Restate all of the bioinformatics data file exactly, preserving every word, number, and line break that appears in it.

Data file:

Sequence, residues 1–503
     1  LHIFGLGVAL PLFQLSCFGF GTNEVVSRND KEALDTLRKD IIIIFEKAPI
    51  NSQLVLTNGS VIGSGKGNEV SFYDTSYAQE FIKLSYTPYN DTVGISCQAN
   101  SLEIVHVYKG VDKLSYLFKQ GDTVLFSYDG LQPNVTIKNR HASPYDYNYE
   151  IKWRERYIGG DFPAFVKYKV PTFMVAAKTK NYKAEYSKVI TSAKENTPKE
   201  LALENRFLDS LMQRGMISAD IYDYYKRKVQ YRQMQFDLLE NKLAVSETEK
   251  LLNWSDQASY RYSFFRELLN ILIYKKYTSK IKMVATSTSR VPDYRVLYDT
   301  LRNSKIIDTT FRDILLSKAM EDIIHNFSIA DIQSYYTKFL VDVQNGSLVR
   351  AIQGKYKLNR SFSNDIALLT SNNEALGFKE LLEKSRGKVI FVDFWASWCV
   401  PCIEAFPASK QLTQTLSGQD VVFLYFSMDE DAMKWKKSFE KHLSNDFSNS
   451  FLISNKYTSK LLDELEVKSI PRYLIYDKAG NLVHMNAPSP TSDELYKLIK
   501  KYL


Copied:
Sequence, residues 1–503
     1  LHIFGLGVAL PLFQLSCFGF GTNEVVSRND KEALDTLRKD IIIIFEKAPI
    51  NSQLVLTNGS VIGSGKGNEV SFYDTSYAQE FIKLSYTPYN DTVGISCQAN
   101  SLEIVHVYKG VDKLSYLFKQ GDTVLFSYDG LQPNVTIKNR HASPYDYNYE
   151  IKWRERYIGG DFPAFVKYKV PTFMVAAKTK NYKAEYSKVI TSAKENTPKE
   201  LALENRFLDS LMQRGMISAD IYDYYKRKVQ YRQMQFDLLE NKLAVSETEK
   251  LLNWSDQASY RYSFFRELLN ILIYKKYTSK IKMVATSTSR VPDYRVLYDT
   301  LRNSKIIDTT FRDILLSKAM EDIIHNFSIA DIQSYYTKFL VDVQNGSLVR
   351  AIQGKYKLNR SFSNDIALLT SNNEALGFKE LLEKSRGKVI FVDFWASWCV
   401  PCIEAFPASK QLTQTLSGQD VVFLYFSMDE DAMKWKKSFE KHLSNDFSNS
   451  FLISNKYTSK LLDELEVKSI PRYLIYDKAG NLVHMNAPSP TSDELYKLIK
   501  KYL